One night last february, Ben Allen and a group of electrical-engineering students at Delft University of Technology in the Netherlands needed some help testing their 20-inch-long prototype of the classic 1980s Nintendo Entertainment System (NES) controller. The group was in the early stages of designing an absurdly enlarged version of the device—one as long and wide as a compact car—in an attempt to break the world controller-size record. In honor of the quest, they enticed some fellow geeks to join them at a campus pub by offering free Guinness.
Nintendo just announced their successor to the revolutionary Wii, to be called the Wii U, at this year's E3 conference in Los Angeles. We've only gotten snippets and tidbits of information, but we do know that the--as in the original Wii--the most important part of the Wii U will be the controller. This time, it's a giant, tablet-like, touchscreened beast that packs an accelerometer, camera, gyroscope, and a full array of Wii buttons.
You didn't think the enthusiasm for hacking the Kinect to make it do variously useful and silly things was going to end after two weeks, did you? It's just going to get better, so let's recap with two of the coolest new hacks. One makes you invisible, and one gives you the power of a certain mustachioed plumber.
Nintendo's Mario has long been beloved by geeks and scientists everywhere, as evidenced by a fluorescent bacterial version (seizure warning!) and a Mario "multiverse" that acts as a better guide to parallel universes than "Lost." Now a Carnegie Mellon University student has concocted a playable pixel tribute on an 8x8 LED matrix.
Nintendo's Mario has taught us science and even encouraged the development of better artificial intelligence. So it's only appropriate that Japanese researchers paid homage to everyone's favorite video game character, by recreating his likeness in a petri dish with genetically engineered glow-in-the-dark bacteria. Warning: we reveal a seizure-inducing Mario animation after the story jump.
Robots, alcohol and video games make one tantalizing combination to put on distant-future Christmas lists. Now geek boozers are in luck: the one-man Nonpolynomial Labs has developed interactive versions of Mario and Tetris that incorporate a robotic bartender to mix up drinks during real-time play.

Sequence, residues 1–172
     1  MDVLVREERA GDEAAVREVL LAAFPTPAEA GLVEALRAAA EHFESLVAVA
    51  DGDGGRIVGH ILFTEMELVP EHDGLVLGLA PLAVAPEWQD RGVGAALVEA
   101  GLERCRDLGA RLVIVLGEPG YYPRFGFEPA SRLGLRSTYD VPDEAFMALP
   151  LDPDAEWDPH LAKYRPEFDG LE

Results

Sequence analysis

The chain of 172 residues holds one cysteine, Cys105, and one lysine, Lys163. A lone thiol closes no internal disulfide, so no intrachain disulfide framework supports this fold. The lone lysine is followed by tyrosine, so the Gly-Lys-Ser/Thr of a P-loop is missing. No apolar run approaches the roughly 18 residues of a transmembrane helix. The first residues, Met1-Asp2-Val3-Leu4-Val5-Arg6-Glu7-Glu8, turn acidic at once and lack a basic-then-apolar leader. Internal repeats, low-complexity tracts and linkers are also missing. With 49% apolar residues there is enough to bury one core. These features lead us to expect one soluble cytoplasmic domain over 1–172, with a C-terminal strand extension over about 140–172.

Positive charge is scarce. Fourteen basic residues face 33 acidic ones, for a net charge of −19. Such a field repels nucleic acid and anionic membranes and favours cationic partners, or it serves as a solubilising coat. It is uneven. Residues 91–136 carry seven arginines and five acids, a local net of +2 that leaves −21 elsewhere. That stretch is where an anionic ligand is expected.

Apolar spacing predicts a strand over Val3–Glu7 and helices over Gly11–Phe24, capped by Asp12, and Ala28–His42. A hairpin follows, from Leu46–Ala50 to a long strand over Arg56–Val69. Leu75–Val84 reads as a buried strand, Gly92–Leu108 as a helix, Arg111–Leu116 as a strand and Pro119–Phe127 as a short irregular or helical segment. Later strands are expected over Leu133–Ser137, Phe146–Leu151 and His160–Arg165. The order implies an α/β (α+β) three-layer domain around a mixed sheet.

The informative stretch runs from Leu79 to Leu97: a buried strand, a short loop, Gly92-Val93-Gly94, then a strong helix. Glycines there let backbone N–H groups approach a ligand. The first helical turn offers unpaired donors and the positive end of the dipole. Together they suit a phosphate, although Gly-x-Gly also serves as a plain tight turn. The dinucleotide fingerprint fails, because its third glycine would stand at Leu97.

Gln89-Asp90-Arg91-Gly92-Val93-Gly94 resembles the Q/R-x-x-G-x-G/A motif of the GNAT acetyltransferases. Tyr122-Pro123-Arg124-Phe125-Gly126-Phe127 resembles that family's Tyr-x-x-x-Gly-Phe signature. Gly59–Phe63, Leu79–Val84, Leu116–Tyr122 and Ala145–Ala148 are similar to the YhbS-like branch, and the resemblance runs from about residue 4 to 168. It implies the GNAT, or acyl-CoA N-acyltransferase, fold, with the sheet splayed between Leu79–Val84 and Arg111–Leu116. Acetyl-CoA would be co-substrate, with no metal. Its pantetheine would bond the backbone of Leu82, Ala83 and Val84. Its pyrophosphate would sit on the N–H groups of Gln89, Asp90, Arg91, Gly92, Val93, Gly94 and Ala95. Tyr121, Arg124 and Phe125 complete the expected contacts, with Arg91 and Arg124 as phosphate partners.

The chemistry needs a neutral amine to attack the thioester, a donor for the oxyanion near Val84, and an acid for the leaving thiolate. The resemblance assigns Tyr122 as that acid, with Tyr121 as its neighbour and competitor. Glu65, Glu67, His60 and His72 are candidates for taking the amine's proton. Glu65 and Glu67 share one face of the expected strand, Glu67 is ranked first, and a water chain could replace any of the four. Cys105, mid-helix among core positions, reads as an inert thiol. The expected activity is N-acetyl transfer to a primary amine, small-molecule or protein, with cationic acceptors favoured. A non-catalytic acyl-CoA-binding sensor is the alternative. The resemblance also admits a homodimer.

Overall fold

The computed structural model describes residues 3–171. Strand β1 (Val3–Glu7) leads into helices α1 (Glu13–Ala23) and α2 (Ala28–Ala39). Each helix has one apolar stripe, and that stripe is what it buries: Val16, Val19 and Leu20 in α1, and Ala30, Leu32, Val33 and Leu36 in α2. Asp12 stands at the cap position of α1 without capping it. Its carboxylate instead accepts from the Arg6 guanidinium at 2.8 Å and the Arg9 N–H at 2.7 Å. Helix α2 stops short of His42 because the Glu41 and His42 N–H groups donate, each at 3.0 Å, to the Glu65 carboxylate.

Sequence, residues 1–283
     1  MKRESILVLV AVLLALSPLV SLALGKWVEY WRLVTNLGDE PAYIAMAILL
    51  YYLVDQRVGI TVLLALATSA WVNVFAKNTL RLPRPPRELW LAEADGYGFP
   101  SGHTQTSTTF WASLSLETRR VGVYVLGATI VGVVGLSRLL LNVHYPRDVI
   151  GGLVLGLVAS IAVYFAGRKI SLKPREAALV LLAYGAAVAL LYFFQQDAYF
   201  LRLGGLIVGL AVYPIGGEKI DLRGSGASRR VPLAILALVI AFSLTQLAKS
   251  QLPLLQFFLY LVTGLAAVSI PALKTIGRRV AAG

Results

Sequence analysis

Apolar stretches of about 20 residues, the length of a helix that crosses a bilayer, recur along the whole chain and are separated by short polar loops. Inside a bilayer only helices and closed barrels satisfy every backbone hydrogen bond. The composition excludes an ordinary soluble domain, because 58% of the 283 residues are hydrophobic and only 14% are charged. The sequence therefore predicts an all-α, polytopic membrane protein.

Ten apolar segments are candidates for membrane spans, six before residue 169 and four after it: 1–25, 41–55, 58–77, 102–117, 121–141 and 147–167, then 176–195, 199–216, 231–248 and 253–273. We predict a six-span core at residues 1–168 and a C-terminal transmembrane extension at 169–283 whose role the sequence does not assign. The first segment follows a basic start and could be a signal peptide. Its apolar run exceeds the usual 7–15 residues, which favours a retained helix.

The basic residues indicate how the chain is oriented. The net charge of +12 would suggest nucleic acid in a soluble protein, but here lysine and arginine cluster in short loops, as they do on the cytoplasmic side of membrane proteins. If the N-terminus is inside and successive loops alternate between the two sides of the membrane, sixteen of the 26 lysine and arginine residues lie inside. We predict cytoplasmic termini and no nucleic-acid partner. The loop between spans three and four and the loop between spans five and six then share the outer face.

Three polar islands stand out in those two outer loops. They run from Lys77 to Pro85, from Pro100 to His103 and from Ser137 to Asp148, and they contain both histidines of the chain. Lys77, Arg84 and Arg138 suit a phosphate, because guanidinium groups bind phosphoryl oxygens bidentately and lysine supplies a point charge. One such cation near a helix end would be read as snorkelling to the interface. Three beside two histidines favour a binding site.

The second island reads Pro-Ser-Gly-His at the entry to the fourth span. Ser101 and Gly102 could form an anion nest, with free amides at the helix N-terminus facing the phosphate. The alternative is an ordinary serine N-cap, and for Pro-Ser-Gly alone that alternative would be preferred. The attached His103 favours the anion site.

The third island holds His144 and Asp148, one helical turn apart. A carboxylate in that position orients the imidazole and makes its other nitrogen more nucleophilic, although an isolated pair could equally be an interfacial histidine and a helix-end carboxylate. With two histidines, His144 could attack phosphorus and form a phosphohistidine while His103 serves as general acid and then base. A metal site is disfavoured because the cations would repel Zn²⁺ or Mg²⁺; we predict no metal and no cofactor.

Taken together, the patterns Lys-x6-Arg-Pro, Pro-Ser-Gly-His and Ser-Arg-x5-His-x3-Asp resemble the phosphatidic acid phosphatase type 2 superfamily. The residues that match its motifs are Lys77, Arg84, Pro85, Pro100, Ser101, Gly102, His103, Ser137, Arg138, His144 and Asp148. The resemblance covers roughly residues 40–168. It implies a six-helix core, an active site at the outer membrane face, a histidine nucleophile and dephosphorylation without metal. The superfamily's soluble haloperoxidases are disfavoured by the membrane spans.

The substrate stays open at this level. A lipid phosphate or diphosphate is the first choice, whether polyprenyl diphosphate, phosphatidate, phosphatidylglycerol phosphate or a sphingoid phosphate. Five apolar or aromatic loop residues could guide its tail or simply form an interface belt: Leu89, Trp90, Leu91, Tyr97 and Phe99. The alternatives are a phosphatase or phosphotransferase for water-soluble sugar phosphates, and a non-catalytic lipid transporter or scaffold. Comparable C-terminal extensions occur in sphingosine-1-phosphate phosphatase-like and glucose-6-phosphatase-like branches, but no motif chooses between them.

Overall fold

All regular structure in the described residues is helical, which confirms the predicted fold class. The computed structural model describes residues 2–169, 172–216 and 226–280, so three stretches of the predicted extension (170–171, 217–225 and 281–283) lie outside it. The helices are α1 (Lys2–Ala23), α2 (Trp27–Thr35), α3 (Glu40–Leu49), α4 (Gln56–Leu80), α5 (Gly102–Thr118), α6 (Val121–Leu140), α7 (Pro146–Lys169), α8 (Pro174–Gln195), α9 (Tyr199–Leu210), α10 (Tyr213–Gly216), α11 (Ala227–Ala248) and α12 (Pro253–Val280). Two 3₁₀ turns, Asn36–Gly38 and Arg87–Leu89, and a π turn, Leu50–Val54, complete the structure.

You're unique. Aren't you? One of the more creative hypotheses surrounding quantum mechanics posits the exact opposite. Though we can readily see only one world, quantum mechanics says that when were not observing the particles that make up that world, those particles exist in multiple places at once. There are many theories that attempt to grasp what this means, but one of the most tantalizing is Hugh Everett's multiverse concept.
Nintendo this week released Super Mario Galaxy–the long-awaited debut of the world's cutest plumber on the Wii. The reviews, as expected, have been particularly stellar, and for good reason: the game combines a tried-and-true character, a wholly unique outer-space world (complete with gravity fluctuations) that feels more 3D than anything to come before it, a truly killer soundtrack and the unique control structure of the Wii, resulting in an overall gameplay experience that's among the most addictive Mario's had yet—and that's saying something.
The thing with Mario games, especially Galaxy, is this: sure, it's fairly easy for most gamers to tear through and complete the game—even finishing with all of the hidden bonus goals discovered is an attainable goal for even casual players. But what separates Mario from the rest is just how entertaining it is simply to exist in his world. Beating a level in a Mario game isn't just about getting to the end, it's about getting to the end with style—careening through tiny openings while flipping shells and deftly vaulting off stomped enemies, all at incredible speed and without leaving any coins behind. Or in Mario Galaxy's case, back flipping and long jumping through different gravitational fields, triple-axle-ing over frozen ponds on ice skates, surfing on the back of a manta ray...and so on. Galaxy takes the potential for players to gracefully freestyle through the game into the stratosphere.
Put simply, Mario Galaxy gives us couch dwellers a taste of what it must feel like to do parkour...in outer space. I would not be surprised if David Belle, parkour's grand-père, was a Mario player in his early days; the little acrobatic Italian was truly the first traceur (tracciante?), vaulting and plunging through the Mushroom Kingdom at top speed long before Belle began dancing his way around Paris in the late 1980s. But it's clear the two have a lot in common—both live for the freedom to innovatively propel themselves through interesting environments, and both do it to save the oft-imperiled woman they love from the clutches of a sinister dino/lizard/turtle. Right?
Take a look here at David in action:
Amazing. But can he do this:
For more videos of Mario's Parkour moves from Super Mario Galaxy, click the jump below. —John Mahoney
Five amazing, clean technologies that will set us free, in this month's energy-focused issue. Also: how to build a better bomb detector, the robotic toys that are raising your children, a human catapult, the world's smallest arcade, and much more.